She replied that it was right behind her shop and that if I decided to climb up, I should be very careful because there were at least 15 falls a day going up or down, and there had already been 11 that day. I asked her if I did go up and if she had any tips for me. She had one, “Stay on the steps, stay off the stones.” She was right.  The stones that made up most of the path (you can see them next to the steps in my photos) were mostly old granite and marble that had been worn down to a very slick surface meaning that on the way up, it was very difficult to climb and on the way down, it was a real fall hazard. But I decided to try it using those steps. I should let you know that climbing the wall costs 8 euro (I think they should pay you! 😜). The climb itself was a good one. And in the heat, while I didn’t regret doing it, I wouldn’t do it again and wished I had done it in the evening.

But the views! What incredible views. Take a look at the photos. Don’t forget, if you click the first shot, you can then scroll through with your arrow keys or by swiping…and PLEASE…don’t look at my photography on a phone. Please…

And night descends in Kotor

After dinner on the aft deck (which looked like a commercial for Viking), we headed back to the stateroom. Kathleen had not yet been confined and was feeling great so we watched a little TV before I went out on our verandah and saw the beautiful lights of Kotor come up. I shot a couple from our verandah but then decided to go up to deck seven to what has become my favorite place on the ship, The Explorer’s Lounge. There is a forward-facing open deck in front of it that is the perfect place for taking photos, and that’s when I got these other shots, one of which may move into my top 10 shots I have taken in forever. We shall see. Make sure you look at the last photo in this group at full screen.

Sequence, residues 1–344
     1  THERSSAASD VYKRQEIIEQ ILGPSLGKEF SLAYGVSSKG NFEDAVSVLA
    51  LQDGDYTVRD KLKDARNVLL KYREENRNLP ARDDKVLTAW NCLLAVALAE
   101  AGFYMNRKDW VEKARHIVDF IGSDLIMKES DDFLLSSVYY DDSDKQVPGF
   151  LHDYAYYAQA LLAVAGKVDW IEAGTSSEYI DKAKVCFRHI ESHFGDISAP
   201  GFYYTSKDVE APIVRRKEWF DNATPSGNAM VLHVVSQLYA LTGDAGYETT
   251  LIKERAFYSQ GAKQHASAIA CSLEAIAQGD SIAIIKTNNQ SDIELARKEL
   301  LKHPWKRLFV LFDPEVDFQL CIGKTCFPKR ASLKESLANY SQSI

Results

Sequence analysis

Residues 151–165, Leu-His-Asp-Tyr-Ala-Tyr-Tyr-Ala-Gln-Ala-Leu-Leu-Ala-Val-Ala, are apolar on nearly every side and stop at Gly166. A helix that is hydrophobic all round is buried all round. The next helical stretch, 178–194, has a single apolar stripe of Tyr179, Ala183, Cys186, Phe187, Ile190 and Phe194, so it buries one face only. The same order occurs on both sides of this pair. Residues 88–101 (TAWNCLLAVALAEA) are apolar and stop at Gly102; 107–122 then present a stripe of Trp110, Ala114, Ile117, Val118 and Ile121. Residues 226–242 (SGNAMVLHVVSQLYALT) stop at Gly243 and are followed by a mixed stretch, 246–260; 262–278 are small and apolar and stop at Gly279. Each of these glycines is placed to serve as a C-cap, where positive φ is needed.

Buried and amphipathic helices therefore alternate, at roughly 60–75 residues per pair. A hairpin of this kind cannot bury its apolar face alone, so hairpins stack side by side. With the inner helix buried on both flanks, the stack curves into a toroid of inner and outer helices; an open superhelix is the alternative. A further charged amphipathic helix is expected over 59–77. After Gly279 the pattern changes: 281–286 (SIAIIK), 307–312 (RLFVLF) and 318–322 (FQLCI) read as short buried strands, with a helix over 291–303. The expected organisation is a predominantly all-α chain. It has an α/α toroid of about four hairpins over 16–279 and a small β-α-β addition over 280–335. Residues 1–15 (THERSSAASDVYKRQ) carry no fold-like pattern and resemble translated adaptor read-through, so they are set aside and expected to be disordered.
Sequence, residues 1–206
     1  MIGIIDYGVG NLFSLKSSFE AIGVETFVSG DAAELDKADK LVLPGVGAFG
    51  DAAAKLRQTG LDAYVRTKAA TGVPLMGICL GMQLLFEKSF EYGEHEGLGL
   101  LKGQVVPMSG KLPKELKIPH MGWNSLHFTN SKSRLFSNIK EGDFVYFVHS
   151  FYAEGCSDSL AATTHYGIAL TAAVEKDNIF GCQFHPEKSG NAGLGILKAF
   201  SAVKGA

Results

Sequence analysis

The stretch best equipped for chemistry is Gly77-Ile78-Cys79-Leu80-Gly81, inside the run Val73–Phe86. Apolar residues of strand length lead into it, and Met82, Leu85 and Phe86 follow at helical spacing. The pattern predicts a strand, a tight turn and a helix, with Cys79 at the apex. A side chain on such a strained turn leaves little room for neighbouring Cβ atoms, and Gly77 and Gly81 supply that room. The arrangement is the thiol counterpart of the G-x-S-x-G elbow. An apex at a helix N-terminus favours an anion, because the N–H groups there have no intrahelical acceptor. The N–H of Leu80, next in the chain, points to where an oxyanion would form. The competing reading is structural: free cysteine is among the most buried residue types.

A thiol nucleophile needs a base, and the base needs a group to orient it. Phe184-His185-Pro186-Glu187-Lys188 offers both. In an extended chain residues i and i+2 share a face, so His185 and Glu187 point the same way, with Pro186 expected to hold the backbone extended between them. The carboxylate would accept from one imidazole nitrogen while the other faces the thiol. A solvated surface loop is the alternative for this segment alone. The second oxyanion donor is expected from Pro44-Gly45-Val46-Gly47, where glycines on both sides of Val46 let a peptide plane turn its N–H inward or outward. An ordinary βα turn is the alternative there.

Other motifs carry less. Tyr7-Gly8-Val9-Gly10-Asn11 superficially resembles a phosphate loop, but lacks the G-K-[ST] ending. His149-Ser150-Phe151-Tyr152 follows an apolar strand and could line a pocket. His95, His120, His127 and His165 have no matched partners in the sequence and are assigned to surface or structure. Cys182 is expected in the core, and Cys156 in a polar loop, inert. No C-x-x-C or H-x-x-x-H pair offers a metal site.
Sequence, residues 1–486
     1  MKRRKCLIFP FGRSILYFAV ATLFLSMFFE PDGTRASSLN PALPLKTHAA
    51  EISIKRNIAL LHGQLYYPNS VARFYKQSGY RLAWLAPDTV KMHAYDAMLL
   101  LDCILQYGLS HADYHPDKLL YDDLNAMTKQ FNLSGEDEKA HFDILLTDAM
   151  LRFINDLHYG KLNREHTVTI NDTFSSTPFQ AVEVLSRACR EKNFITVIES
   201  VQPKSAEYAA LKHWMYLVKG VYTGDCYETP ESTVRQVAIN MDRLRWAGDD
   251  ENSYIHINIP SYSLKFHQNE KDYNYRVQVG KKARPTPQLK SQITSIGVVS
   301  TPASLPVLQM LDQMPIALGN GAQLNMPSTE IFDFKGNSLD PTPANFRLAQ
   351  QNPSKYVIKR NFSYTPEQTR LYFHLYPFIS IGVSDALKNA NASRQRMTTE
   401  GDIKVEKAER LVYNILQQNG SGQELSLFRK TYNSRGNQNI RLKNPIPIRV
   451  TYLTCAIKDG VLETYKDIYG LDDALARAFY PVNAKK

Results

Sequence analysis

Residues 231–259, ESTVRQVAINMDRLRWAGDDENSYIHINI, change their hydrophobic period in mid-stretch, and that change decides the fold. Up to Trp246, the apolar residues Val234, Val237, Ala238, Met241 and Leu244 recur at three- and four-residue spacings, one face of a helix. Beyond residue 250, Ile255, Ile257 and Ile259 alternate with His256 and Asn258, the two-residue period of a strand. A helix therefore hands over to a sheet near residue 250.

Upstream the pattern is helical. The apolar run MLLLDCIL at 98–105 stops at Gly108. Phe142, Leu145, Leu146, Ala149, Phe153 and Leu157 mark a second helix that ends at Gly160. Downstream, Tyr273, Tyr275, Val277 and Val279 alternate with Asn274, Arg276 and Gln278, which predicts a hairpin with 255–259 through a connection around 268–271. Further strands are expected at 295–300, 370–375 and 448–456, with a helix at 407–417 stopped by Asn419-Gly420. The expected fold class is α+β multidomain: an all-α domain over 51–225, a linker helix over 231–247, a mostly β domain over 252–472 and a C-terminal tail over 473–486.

Report from onboard!

That about covers Kotor. Had a marvelous time. Back on the ship, this was the day before Kathleen’s quarantine confinement, so we had all our meals together. Again both lunch and dinner were in the World Cafe (buffet), and they were excellent. I just happened to be grabbing a dessert at that section of the buffet when the head pastry chef was there. I got a chance to tell him about how I am not a chocolate lover, but anything he has made with chocolate in it has been incredible, starting with the Amarone and chocolate dessert in Manfreddis. This particular night they had announced a Montenegrin dinner featuring local dishes that turned out to be 90% seafood. Kathleen stuck to the bland stuff, but I had seafood salad, prawns, king crab legs and some of the best mussels I have ever had. Oh, and I forgot to mention that at lunch that day, they had a Barolo braised short rib that was sooooooo good that as Primo said in The Big Night, “I have to KILL myself.”

A vacation is having nothing to do and all day to do it in.
—Robert Orbin

 

2 thoughts on “Kotor in Four Parts—Sail in, Olives, Climbing and the Dark

  1. Stephen R Ingalsbe

    Thanks for the recommendation for George & Tours by Locals. Do you recall the name of the restaurant you visited for lunch? Thanks.